HEREDITARY MYOPATHY WITH LACTIC ACIDOSIS DUE TO ISCU DEFICIENCY Is also known as aconitase deficiency|iscu myopathy|iron-sulfur cluster deficiency myopathy|myopathy with deficiency of succinate dehydrogenase and aconitase|myopathy with exercise intolerance, swedish type|myoglobinuria due to abnormal glycolysis

Related symptoms:

  • Muscle weakness
  • Skeletal muscle atrophy
  • Fatigue
  • Respiratory distress
  • Cardiomyopathy


SOURCES: ORPHANET OMIM MESH MENDELIAN

More info about HEREDITARY MYOPATHY WITH LACTIC ACIDOSIS DUE TO ISCU DEFICIENCY

Low match DEHYDRATED HEREDITARY STOMATOCYTOSIS 1 WITH OR WITHOUT PSEUDOHYPERKALEMIA AND/OR PERINATAL EDEMA; DHS1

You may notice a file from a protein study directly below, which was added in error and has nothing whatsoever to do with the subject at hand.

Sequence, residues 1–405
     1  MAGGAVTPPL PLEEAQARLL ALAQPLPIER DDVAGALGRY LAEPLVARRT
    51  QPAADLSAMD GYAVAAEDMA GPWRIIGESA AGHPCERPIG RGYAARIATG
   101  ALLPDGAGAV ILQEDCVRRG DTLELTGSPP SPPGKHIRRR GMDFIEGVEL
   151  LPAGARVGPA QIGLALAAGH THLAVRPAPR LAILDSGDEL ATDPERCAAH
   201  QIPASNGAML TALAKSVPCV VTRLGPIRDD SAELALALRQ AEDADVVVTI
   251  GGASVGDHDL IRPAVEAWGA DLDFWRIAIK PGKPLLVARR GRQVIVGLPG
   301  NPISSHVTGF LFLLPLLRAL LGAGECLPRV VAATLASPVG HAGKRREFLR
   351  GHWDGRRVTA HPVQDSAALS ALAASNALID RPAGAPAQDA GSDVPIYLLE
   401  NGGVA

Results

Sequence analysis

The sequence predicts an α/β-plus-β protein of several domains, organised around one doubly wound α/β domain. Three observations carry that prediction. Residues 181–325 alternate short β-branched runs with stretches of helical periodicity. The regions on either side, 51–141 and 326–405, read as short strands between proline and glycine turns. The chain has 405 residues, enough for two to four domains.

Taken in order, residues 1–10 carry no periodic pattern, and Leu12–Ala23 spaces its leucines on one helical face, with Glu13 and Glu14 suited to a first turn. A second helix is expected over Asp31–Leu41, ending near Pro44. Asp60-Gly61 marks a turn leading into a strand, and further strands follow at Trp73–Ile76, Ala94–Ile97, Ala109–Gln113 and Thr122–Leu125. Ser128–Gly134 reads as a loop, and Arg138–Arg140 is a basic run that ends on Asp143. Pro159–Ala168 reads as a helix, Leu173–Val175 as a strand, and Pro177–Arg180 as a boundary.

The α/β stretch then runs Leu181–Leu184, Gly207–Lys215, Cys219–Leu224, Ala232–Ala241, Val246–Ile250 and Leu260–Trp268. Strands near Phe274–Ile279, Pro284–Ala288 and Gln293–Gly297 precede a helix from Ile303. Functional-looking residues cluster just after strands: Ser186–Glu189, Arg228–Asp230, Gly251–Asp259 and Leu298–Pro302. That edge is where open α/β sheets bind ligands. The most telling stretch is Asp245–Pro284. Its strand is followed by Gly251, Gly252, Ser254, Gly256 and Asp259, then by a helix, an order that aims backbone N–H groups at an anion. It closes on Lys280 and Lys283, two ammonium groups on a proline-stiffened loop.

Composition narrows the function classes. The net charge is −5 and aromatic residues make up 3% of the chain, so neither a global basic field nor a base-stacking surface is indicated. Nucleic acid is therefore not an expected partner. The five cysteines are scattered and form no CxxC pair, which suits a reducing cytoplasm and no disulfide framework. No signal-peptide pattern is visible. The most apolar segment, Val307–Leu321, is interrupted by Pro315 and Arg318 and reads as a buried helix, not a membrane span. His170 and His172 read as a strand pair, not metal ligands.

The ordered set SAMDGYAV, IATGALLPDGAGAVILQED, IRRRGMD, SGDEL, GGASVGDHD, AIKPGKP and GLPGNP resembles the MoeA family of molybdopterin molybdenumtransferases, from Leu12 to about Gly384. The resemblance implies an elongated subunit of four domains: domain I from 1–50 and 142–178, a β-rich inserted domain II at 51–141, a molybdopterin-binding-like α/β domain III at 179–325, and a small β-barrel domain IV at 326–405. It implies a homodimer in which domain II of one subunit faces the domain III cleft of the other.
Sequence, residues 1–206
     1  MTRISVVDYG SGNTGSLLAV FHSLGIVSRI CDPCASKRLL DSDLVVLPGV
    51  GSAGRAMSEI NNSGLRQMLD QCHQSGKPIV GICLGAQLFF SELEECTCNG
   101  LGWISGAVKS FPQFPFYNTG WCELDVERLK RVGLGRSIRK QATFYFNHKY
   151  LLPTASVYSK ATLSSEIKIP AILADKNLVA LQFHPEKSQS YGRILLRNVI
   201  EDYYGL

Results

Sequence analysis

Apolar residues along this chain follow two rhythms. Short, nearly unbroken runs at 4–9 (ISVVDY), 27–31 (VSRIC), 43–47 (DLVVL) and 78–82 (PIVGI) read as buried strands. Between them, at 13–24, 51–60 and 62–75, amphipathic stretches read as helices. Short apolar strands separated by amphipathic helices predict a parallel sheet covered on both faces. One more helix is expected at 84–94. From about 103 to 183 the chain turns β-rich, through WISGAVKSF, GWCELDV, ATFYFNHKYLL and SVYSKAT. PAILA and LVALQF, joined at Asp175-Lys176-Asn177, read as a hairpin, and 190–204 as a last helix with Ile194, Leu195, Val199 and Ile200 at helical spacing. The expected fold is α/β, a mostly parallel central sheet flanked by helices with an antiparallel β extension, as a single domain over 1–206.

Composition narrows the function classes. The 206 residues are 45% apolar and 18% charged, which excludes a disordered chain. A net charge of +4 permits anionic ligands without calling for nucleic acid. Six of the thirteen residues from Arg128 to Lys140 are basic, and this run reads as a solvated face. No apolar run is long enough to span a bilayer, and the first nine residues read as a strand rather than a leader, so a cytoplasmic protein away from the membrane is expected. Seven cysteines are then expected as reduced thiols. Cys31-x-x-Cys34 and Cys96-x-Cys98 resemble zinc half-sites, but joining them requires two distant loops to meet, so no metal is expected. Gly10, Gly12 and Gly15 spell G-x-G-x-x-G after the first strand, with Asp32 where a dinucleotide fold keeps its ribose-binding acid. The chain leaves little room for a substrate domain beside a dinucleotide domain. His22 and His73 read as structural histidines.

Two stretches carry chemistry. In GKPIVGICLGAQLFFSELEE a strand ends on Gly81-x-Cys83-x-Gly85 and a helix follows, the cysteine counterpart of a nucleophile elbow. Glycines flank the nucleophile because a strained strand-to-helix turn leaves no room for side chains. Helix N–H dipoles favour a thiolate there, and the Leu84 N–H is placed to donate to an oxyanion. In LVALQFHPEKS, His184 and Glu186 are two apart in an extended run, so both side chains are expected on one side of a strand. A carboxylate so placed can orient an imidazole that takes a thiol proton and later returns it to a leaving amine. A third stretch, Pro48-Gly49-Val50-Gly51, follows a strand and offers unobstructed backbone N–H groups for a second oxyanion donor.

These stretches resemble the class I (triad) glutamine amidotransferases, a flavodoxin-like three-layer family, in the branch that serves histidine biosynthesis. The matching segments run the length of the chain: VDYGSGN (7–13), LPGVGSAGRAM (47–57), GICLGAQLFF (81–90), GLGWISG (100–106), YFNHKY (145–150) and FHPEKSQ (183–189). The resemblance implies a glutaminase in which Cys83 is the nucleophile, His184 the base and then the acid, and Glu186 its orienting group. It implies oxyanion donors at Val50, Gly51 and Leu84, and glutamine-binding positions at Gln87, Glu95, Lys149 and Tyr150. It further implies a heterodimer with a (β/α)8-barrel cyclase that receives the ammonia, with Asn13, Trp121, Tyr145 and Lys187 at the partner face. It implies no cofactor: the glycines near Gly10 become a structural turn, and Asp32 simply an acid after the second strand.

Dehydrated hereditary stomatocytosis (DHS), also known as hereditary xerocytosis, is an autosomal dominant hemolytic anemia characterized by primary erythrocyte dehydration. DHS erythrocytes exhibit decreased total cation and potassium content that are not accompanied by a proportional net gain of sodium and water. DHS patients typically exhibit mild to moderate compensated hemolytic anemia, with an increased erythrocyte mean corpuscular hemoglobin concentration and a decreased osmotic fragility, both of which reflect cellular dehydration (summary by Zarychanski et al., 2012). Patients may also show perinatal edema and pseudohyperkalemia due to loss of K+ from red cells stored at room temperature. A minor proportion of red cells appear as stomatocytes on blood films. Complications such as splenomegaly and cholelithiasis, resulting from increased red cell trapping in the spleen and elevated bilirubin levels, respectively, may occur. The course of DHS is frequently associated with iron overload, which may lead to hepatosiderosis (summary by Albuisson et al., 2013).Dehydrated red blood cells, including those from hereditary xerocytosis patients, show delayed infection rates to Plasmodium in vitro, suggesting a potential protective mechanism against malaria (Tiffert et al., 2005). A polymorphism in PIEZO1 that is enriched in populations of African descent and results in xerocytosis conferred resistance to Plasmodium infection in vitro (see {611184.0016}).The 'leaky red blood cells' in familial pseudohyperkalemia show a temperature-dependent loss of potassium when stored at room temperature, manifesting as apparent hyperkalemia. The red blood cells show a reduced life span in vivo, but there is no frank hemolysis. Studies of cation content and transport show a marginal increase in permeability at 37 degrees C and a degree of cellular dehydration, qualitatively similar to the changes seen in dehydrated hereditary stomatocytosis. Physiologic studies show that the passive leak of potassium has an abnormal temperature dependence, such that the leak is less sensitive to temperature than that in normal cells (summary by Iolascon et al., 1999).Carella et al. (2004) noted that 3 clinical forms of pseudohyperkalemia unassociated with hematologic manifestations, based predominantly on the leak-temperature dependence curve, had been reported: (1) pseudohyperkalemia Edinburgh, in which the curve has a shallow slope; (2) pseudohyperkalemia Chiswick or Falkirk (see {609153}), in which the curve is shouldered; and (3) pseudohyperkalemia Cardiff (see {609153}), in which the temperature dependence of the leak shows a 'U-shaped' profile with a minimum at 23 degrees C. Gore et al. (2004) stated that potassium-flux temperature profiles are consistent both from year to year in an individual as well as consistent within affected members of a pedigree. Genetic Heterogeneity of Hereditary StomatocytosisDehydrated hereditary stomatocytosis-2 (DHS2 ) is caused by mutation in the KCNN4 gene (OMIM ) on chromosome 19q13. Another form of stomatocytosis, involving familial pseudohyperkalemia with minimal hematologic abnormalities (PSHK2 ), is caused by mutation in the ABCB6 gene (OMIM ) on chromosome 2q35. Cryohydrocytosis (CHC ) is caused by mutation in the SLC4A1 gene (OMIM ) on chromosome 17q21, and stomatin-deficient cryohydrocytosis with neurologic defects (SDCHCN ) is caused by mutation in the SLC2A1 gene (OMIM ) on chromosome 1p34. An overhydrated form of hereditary stomatocytosis (OHST ) is caused by mutation in the RHAG gene (OMIM ) on chromosome 6p12.See {137280} for a discussion of the association of familial stomatocytosis and hypertrophic gastritis in the dog, an autosomal recessive syndrome. ReviewsDelaunay (2004) reviewed genetic disorders of red cell membrane permeability to monovalent cations, noting 'inevitable' overlap between entities based on clinical phenotype.Bruce (2009) provided a review of hereditary stomatocytosis and cation-leaky red cells, stating that consistent features include hemolytic anemia, a monovalent cation leak, and changes in red cell morphology that appear to follow a continuum, from normal discocyte to stomatocyte to echinocyte in DHS, and from discocyte to stomatocyte to spherocyte to fragmentation in OHST. Bruce (2009) suggested that the underlying pathologic mechanism might involve misfolded mutant proteins that escape the quality control system of the cell and reach the red cell membrane, where they disrupt the red cell membrane structure and cause a cation leak that alters the hydration of the red cell, thereby changing the morphology and viability of the cell.King and Zanella (2013) provided an overview of 2 groups of nonimmune hereditary red cell membrane disorders caused by defects in membrane proteins located in distinct layers of the red cell membrane: red cell cytoskeleton disorders, including hereditary spherocytosis (see {182900}), hereditary elliptocytosis (see {611804}), and hereditary pyropoikilocytosis (OMIM ); and cation permeability disorders of the red cell membrane, or hereditary stomatocytoses, including DHS, OHST, CHC, and PSHK. The authors noted that because there is no specific screening test for the hereditary stomatocytoses, a preliminary diagnosis is based on the presence of a compensated hemolytic anemia, macrocytosis, and a temperature- or time-dependent pseudohyperkalemia in some patients. King et al. (2015) reported the International Council for Standardization in Haematology (ICSH) guidelines for laboratory diagnosis of nonimmune hereditary red cell membrane disorders.